StoryStation scans text to assess how imaginative the child has been and offers suggestions on spicing up the narrative. It has already been trialled in two Scottish primaries and is poised to be used by even more schools.
The programme was developed as part of the Edinburgh-Stanford Link, a five-year research project between Scottish Enterprise and Edinburgh University and Stanford University in California, both world-class research centres in speech and language technology. Research projects must have commercial potential.
Judy Robertson, of Edinburgh University's informatics division, says that StoryStation was well received at a launch last week. "There was a lot of interest and there were parents there who said they would like to have one at home," Dr Robertson says.
More trials are to be carried out before StoryStation goes on sale.
"We have had two schools involved so far - Sinclairtown primary in Kirkcaldy and Blackhall primary in Edinburgh. What I want to do now is extend it out to a larger number of schools in different areas for longer period of times," Dr Robertson says.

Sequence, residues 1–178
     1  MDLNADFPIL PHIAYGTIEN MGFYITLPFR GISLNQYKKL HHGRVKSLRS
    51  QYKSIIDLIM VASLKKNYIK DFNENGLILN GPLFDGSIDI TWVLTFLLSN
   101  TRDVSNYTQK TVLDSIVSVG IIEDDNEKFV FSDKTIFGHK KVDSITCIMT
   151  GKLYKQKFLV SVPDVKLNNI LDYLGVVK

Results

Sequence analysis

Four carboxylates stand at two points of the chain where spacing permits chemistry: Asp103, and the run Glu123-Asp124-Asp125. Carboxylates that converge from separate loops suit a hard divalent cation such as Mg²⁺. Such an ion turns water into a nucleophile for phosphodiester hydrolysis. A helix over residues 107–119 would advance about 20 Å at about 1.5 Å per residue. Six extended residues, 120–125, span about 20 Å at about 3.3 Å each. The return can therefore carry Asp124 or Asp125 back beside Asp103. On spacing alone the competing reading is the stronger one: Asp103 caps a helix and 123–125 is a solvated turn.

StoryStation keeps to the latest curriculum guidelines and does not tell children how to write but rather suggests ways of improving their work.
Virtual characters are used to suggest ways to improve spelling and vocabulary. It can also be used as an assessment tool and to give feedback to teachers on pupil progress.
The software is designed for children aged 10 and above who are competent writers but would benefit from help.
The Edinburgh-Stanford Link is now considering enhancing StoryStation, adding a phonetic dictionary to help spelling and a "plot analysis tool" that will help young authors write better stories.